You are currently viewing History of Neon Signage

History of Neon Signage

Neon signage has a special place in culture. It is bright, flashy and has a certain style that calls back to an amazing era that’s regarded with nostalgia. This is why neon signs stand out and capture the imagination. They give establishments like bars and restaurants that retro ambiance, adding a distinct character to their brands.

Neon’s status is due to more than it’s appearance. Even among illuminated signage it stands out. This is due to its history, how its invention, rise and success go along with society’s developments during the same span of time. In this article, we’ll delve into that and show what makes neon really unique.

The Life and Times of Neon Signage


In the turn of the 20th century, Scottish chemist Sir William Ramsay and his colleague Morris W. Travers discovered argon and by using its boiling point as a reference point then isolated neon, krypton and xenon. In the following decades, their discovery allowed French engineer Georges Claude to devise a new form of lighting using glass tubes to hold neon gas, which would then be electrified to create a brilliant glow.

Yes, unlike standard bulbs neon’s quality of light wasn’t ideal for interior lighting… but it was perfect for signage.


So the beginning of the 20th century was highlighted by neon, which debuted in Europe and gave their great cities a futuristic radiance. The Moulin Rouge in Paris was one of the most iconic sights of the time. It would spread worldwide, dominating the Las Vegas Strip, New York Time’s Square, Los Angeles and more. Even in the Soviet Union the “neonization” of their capitals emulated the glamour of the West.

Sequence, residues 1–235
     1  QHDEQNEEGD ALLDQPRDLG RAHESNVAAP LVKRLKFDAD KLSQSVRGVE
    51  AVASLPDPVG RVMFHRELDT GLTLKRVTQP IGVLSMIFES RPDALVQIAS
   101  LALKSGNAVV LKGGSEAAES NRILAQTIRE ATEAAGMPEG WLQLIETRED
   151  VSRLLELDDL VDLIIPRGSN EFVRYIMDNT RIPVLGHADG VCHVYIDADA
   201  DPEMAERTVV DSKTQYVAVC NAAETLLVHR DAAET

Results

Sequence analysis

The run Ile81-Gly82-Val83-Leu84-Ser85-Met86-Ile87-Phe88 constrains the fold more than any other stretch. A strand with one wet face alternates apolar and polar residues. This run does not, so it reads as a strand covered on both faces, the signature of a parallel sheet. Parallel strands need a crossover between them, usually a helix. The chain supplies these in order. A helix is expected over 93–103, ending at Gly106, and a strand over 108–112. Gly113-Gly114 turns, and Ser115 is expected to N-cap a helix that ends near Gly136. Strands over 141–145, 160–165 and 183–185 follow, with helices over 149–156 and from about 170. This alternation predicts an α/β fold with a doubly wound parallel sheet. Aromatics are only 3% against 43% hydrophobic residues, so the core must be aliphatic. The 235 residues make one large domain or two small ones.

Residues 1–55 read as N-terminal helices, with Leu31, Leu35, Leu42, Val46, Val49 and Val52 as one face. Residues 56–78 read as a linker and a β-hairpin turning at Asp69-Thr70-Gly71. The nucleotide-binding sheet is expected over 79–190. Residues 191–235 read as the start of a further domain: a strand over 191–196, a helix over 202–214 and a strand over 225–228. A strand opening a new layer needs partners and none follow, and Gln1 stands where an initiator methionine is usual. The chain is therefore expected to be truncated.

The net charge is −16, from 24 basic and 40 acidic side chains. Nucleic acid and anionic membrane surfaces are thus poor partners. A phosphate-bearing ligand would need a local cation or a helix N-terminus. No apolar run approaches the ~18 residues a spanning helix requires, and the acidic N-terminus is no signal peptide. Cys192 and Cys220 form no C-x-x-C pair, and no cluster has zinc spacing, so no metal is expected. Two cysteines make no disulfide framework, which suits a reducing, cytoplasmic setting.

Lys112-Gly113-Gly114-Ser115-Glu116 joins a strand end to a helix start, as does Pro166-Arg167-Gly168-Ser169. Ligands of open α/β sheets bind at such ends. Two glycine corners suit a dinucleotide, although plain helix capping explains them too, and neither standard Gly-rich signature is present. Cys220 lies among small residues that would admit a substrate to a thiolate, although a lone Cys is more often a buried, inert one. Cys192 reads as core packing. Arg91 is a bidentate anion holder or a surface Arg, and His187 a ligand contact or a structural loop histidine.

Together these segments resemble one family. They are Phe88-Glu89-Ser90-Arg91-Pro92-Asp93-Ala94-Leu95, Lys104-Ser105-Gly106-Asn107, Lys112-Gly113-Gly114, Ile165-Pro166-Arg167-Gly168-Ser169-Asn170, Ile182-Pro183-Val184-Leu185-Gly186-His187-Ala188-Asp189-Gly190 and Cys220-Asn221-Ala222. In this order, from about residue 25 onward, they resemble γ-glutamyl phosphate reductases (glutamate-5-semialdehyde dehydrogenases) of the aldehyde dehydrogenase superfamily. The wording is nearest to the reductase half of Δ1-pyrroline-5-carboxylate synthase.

This was The Neon Century, illuminating an era of modernization. It accompanied Art Deco skyscrapers, busy cinemas and clubs, even art and fashion reflected its glow.


The emergence of cheaper alternatives that were easier to mass produce (as neon tubes must be made by hand) and the economic slowdown of the 1970s led to neon signage’s decline. Just like how neon-lit bustling cities in the earlier decades, dilapidated urban scenes were often accompanied by old, flickering signs. Maybe owners couldn’t afford repairs or replacements or the places were just forgotten. So instead of suggesting ambition, neon now looked obsolete, the mark of disreputable establishments.

The Retro Revival

Custom Wood Sign and Neon Sign, Maple Block in Culver City, neon sign, neon signage, illuminated signThankfully, neon got better. Nostalgia for the 20th century’s golden years has resulted in neon’s rehabilitation. Its history makes it a staple for artists, who use its distinct illumination for their sculptures since it conveys another more optimistic and sentimental time.

In the mainstream, nostalgia has proven to be a powerful marketing tool. Just like how Hollywood loves remaking classics, brands and businesses are doing the same thing with neon – the most classic of signage. Since it can’t be mass produced and has to be hand-made, it has authenticity. It is a craft that requires cherished artisanal techniques, conveying classiness. So neon is now a favorite for bars and restaurants that want its distinct ambiance.

exterior signs, building sign, restaurant signage, blade sign, neon signs, restaurant manager, pacific palisades, neon blade sign

Once again, neon is on the upswing. Brands draw from its history – how it conveyed the hopes of yesteryear – and use it to show their own optimism and ambitiousness. It’s a brave new world for neon.

Want neon signage?

We’ve done our fair share of neon signage projects. Looking to a bar, cafe or restaurant sign that’ll surely impress? Contact our Tarzana-based sign company for inquiries.